Thursday, February 9, 2023

Review: A Damn Near Perfect Game (2023)

By Joe Kelly with Rob Bradford

There probably is a good book floating around in Joe Kelly's head. "A Damn Near Perfect Game" isn't it.

The hard-throwing right-hander has had an unusual career in baseball. He arrived in the majors with an overpowering fastball and an excellent breaking ball. The St. Louis Cardinals put him in the starting rotation, only to discover that sometimes he didn't know exactly where the ball was going. The Cardinals traded him to the Boston Red Sox, who noticed the same issue and decided to try Kelly in the bullpen. That was a better idea. He turned out to be a key member of the bullpen for the 2018 World Champions. Kelly left as a free agent after that season and signed with the Los Angeles Dodgers, where he helped them win another title in 2020. It was on to the bullpen of the Chicago White Sox in 2022, where he had a poor season in his return to the American League.

Along the way, Kelly has shown himself to be a good-sized character. He has plenty of emotions in that head, and they rarely are far from from the surface. When they come out, they are unfiltered ... which might be why he might be best-known by some for literally battling with opponents. 

That should add up to be a good mix in terms of a book. Instead, this feels like a bunch of material stuffed into a bag in the hopes that something good will come out of it. The description is of a book that supposed to show why baseball is hardly boring and should be more popular than it is, particularly with the kiddies. There's some of that here, but it's scattered around the publication.

Kelly opens with an incident in a 2020 game between the Dodgers and Houston Astros in Los Angeles. You might remember that in 2017, the Astros beat the Dodgers in the World Series ... and then were discovered to be stealing signs in something of a big scandal. Let's just say the Dodgers hadn't forgotten that matter, and emotions were at a boil almost three years later. That includes Kelly, who was in the Boston bullpen in 2017. Kelly struck out Carlos Correa of Houston, and during some trash talk by both sides Kelly unveiling his pouty face as if to say "poor baby" to Correa. The benches cleared but little happened - except Kelly's expression became a bit famous through various outlets.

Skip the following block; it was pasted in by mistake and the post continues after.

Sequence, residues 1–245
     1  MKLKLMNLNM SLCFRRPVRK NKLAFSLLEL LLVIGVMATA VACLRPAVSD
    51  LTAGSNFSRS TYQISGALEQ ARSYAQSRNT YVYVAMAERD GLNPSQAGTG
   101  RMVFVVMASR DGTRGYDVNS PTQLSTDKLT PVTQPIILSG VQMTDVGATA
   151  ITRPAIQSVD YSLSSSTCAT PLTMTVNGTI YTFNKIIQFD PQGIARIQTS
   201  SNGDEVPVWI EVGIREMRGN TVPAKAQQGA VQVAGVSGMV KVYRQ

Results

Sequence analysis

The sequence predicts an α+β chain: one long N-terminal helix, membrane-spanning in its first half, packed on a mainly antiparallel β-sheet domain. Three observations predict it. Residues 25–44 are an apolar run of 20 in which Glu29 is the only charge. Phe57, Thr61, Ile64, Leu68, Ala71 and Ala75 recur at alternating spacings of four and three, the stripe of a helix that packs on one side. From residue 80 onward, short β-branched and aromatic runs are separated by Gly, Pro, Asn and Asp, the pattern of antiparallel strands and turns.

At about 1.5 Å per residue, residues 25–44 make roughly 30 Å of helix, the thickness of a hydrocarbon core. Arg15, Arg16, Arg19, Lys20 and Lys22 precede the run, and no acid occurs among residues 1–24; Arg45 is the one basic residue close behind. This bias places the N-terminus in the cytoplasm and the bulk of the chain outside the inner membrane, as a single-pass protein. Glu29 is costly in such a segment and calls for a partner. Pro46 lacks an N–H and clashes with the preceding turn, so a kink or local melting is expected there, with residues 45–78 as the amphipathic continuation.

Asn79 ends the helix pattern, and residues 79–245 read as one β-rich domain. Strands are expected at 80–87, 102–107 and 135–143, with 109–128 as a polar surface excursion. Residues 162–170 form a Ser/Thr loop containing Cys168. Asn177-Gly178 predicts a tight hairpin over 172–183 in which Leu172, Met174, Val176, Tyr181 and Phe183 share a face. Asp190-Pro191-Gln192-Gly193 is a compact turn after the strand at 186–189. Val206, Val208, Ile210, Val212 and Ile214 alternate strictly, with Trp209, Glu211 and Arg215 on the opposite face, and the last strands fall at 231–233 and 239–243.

From that point we're off on a journey that goes through a lot of different places - the baseball life on the field, in the clubhouse, in the bullpen. There are even some stories about his early days in baseball, time that certainly influenced by the alcoholism of his father. Kelly comes back to the matter of baseball's status along the way.

There is a surprise buried in all of that. Kelly had at first been angry with Commissioner Rob Manfred about a suspension, but Manfred visited the Dodgers clubhouse in training camp for some frank, friendly conversations - and Kelly discovered he actually liked the guy. The two men even got together after that to talk about baseball, and it is a very interesting chat - particularly on Manfred's side. 

After that comes something unexpected. The book checks in at about 230 pages, and at Page 163 we have a series of essays/statements from a variety of people from all sorts of professions addressing on their affection for the game. That lasts 64 pages, which is a lot. Since the stories begin to sound alike after a while, this becomes a matter of "we get the point" pretty quickly. Do the math, and we're only getting 167 pages out of Kelly - which is on the thin side.

The book provides some original stories (told in raw language) about life in the big leagues, and that's fine. But there's not a great deal of context to go with it, and there is some duplication. It's surprising that relatively little about those two championship seasons went into this. 

Kelly's inconsistency as a pitcher always has been a little maddening; there are great tools in play but the strike zone sometimes is tough to find. Such is the case with "A Damn Near Perfect Game," which for the most part is high and outside. 

Two stars

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